Wednesday, June 1, 2011

Sarah Palin Meets Donald Trump

See ABC News, "Sarah Palin, Donald Trump Meet In New York City Tuesday Night, Eat Pizza."


Also, "Palin punks the media — again," and "Matt Lewis: Palin’s bus tour causes media bickering on Twitter." Plus, "Palin fakes out reporters at Gettysburg hotel."

RELATED: At Los Angeles Times, "Sarah Palin's bus tour steals spotlight from GOP presidential candidates":
Reporting from Philadelphia

Sarah Palin's bus tour took her to Philadelphia's Liberty Bell and a pizza dinner with Donald Trump in New York on Tuesday, moves that may not have telegraphed serious presidential intentions but at least gave her another day of something immeasurable: attention.

Republican candidates who are intensely wooing early-state voters found themselves eclipsed for another day by the former Alaska governor, who repeated Tuesday that she was pondering whether to run. Unlike them, Palin found herself surrounded by reporters and voters, her bus tour bringing her back to the forefront of GOP politics regardless of her ultimate decision.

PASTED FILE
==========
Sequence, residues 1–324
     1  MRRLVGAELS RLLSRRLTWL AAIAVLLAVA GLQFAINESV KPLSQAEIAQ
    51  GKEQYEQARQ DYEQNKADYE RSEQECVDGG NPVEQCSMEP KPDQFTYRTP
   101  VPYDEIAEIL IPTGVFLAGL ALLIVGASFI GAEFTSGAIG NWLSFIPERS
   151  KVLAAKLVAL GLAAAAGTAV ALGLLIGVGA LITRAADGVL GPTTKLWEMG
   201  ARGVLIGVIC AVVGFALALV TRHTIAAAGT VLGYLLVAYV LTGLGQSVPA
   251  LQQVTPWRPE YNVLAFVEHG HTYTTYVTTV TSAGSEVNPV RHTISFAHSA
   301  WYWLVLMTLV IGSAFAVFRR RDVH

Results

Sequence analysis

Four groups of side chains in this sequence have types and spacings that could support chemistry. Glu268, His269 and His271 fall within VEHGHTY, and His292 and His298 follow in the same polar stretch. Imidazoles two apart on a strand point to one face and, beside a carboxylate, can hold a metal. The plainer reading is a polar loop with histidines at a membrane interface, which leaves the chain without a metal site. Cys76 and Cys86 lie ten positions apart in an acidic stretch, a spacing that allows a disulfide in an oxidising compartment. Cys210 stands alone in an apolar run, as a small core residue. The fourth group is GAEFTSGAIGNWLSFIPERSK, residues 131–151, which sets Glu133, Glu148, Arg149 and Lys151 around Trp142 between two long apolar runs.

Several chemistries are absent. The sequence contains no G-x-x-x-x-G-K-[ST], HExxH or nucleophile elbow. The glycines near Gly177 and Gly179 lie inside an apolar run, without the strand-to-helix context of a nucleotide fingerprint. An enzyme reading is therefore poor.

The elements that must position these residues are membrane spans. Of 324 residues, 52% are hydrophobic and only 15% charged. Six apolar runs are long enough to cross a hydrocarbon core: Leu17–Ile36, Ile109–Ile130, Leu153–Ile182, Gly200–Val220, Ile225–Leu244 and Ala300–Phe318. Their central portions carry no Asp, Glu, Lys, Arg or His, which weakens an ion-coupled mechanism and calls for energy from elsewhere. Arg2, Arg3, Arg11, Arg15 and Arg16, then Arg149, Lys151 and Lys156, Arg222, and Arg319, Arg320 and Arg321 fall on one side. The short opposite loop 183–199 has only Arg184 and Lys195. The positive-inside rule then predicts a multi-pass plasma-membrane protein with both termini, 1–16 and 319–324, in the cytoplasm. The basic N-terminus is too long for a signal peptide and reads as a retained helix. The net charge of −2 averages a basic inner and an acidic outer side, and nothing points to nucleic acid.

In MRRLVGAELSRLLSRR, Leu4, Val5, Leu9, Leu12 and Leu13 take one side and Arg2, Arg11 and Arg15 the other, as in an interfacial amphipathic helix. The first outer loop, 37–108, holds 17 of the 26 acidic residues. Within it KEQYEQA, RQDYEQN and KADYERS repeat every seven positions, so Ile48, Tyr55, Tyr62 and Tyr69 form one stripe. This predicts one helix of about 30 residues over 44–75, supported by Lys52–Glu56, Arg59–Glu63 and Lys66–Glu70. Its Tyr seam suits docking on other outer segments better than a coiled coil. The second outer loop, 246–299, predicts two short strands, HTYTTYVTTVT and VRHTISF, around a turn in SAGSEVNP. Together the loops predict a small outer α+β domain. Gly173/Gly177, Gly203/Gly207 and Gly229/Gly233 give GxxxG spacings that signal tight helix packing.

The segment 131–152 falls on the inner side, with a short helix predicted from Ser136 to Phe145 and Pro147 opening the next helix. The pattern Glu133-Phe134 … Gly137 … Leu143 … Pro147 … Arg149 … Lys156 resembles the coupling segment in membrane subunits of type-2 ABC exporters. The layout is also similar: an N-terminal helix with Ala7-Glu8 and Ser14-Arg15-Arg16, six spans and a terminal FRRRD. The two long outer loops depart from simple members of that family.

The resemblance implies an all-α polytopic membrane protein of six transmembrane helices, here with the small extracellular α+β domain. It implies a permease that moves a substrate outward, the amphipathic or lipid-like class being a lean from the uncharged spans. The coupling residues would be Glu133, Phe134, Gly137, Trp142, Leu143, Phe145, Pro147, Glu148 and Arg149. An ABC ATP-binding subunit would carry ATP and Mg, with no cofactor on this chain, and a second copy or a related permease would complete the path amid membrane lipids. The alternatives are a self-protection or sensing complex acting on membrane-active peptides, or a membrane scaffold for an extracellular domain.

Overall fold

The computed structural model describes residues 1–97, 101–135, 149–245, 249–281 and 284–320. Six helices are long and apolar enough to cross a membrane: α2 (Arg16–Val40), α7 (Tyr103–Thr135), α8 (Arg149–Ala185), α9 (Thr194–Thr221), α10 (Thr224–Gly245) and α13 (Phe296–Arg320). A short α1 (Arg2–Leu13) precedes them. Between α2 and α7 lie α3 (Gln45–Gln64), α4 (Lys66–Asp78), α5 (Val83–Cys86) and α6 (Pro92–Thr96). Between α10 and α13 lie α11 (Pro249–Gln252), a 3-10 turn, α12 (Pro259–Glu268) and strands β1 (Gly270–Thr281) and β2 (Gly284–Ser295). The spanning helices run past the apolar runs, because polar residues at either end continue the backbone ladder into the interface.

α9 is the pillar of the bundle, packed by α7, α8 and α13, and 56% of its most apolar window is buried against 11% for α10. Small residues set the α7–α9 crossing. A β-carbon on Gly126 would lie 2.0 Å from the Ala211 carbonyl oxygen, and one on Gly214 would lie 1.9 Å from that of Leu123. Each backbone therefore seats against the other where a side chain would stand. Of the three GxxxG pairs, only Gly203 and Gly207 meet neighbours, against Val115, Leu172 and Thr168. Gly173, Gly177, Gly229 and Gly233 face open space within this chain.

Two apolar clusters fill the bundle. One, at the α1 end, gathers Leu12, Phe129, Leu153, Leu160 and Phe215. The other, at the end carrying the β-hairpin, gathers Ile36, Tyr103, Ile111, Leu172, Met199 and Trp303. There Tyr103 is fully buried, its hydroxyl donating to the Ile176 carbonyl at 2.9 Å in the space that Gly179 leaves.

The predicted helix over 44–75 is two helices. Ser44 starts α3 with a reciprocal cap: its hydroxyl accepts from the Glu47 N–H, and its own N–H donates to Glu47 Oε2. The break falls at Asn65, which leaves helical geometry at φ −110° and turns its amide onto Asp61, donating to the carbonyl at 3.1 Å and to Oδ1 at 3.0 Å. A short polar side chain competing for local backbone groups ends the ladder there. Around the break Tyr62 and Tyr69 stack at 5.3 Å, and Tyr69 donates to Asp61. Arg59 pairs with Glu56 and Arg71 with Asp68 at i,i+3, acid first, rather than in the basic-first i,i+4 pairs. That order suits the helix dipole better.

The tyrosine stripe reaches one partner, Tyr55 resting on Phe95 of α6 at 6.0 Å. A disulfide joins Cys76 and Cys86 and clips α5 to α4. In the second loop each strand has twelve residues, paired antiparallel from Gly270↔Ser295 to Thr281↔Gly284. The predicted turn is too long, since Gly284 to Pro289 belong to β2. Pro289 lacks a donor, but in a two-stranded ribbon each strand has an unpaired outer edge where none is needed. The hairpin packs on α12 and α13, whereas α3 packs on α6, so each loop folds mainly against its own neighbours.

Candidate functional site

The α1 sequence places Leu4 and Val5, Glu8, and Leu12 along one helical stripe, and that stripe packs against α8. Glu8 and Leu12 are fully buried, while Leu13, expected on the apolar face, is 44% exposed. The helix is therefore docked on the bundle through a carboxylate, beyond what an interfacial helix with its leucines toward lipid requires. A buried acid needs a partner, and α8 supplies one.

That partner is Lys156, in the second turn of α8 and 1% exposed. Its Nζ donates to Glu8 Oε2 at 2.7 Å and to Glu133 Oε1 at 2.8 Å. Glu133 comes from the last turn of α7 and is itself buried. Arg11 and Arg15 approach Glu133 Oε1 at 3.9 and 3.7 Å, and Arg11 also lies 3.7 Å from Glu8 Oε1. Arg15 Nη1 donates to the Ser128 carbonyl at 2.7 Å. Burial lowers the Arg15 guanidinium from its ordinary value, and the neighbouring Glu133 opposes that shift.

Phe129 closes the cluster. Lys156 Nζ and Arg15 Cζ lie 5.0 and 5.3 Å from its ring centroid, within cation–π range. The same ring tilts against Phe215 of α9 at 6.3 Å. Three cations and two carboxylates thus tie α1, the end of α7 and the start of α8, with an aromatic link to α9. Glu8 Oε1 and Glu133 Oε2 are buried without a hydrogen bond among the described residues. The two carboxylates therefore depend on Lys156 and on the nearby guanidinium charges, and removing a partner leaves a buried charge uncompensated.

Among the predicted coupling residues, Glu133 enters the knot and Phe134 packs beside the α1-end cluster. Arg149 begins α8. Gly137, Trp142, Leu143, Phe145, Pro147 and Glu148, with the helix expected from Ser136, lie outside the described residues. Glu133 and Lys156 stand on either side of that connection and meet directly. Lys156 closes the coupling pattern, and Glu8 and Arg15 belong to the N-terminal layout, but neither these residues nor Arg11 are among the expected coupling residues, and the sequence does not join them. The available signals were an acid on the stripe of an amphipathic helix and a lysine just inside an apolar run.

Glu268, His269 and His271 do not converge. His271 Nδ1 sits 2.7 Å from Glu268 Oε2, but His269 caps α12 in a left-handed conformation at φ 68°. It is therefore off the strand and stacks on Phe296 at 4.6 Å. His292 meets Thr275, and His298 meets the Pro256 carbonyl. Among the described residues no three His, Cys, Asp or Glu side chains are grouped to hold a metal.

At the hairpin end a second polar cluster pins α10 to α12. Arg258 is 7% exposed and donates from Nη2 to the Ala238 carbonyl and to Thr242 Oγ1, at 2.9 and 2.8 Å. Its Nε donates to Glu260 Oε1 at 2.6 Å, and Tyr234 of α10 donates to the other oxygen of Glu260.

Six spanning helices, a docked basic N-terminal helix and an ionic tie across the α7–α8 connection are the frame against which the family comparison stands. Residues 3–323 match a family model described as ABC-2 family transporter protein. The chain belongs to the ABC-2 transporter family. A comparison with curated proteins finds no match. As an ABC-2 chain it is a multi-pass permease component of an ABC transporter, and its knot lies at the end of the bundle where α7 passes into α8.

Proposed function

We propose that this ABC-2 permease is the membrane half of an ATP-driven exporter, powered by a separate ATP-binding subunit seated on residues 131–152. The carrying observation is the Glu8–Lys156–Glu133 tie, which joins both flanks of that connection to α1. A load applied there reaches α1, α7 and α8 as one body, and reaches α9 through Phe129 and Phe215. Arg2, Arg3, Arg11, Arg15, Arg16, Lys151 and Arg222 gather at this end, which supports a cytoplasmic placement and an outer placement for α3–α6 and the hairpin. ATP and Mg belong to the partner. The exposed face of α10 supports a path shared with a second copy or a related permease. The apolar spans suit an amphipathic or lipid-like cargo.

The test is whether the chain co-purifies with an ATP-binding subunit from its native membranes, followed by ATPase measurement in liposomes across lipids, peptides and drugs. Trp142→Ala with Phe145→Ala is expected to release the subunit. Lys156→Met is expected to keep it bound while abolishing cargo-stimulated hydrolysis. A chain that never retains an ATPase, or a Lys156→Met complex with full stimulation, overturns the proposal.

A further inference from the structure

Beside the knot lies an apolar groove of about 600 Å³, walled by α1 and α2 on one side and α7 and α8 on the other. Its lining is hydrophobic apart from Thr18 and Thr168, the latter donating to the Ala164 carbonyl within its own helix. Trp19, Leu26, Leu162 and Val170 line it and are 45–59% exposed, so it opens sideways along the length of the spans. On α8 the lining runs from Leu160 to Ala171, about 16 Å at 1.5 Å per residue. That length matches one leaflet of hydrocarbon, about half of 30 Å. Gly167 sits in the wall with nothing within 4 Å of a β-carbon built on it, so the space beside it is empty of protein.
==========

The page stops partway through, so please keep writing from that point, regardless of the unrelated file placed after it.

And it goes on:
"Whether she runs or not, Palin needs to stay relevant in order to leverage her celebrity, influence and earning capacity," said Mark McKinnon, a Republican consultant who helped coach Palin when she was preparing for her vice presidential debate with Joe Biden in 2008. "She just proved that she still can generate crowds anytime she wants. Her machine just got oiled and taken out for a test drive."

McKinnon said that because of Palin's unique status — 100% name recognition and ability to raise money quickly — she could delay her decision longer than any other potential candidate. "And there's no downside to teasing the possibility just as long as possible," he said.

Republicans on the ground in the two earliest voting states agree.

"I do think she's being very smart, sort of helping to keep all her options open," said David Carney, a political consultant who is helping Newt Gingrich in New Hampshire. He has seen no evidence that she is organizing there, but said that if she chose to run, her effect on the race would be "huge."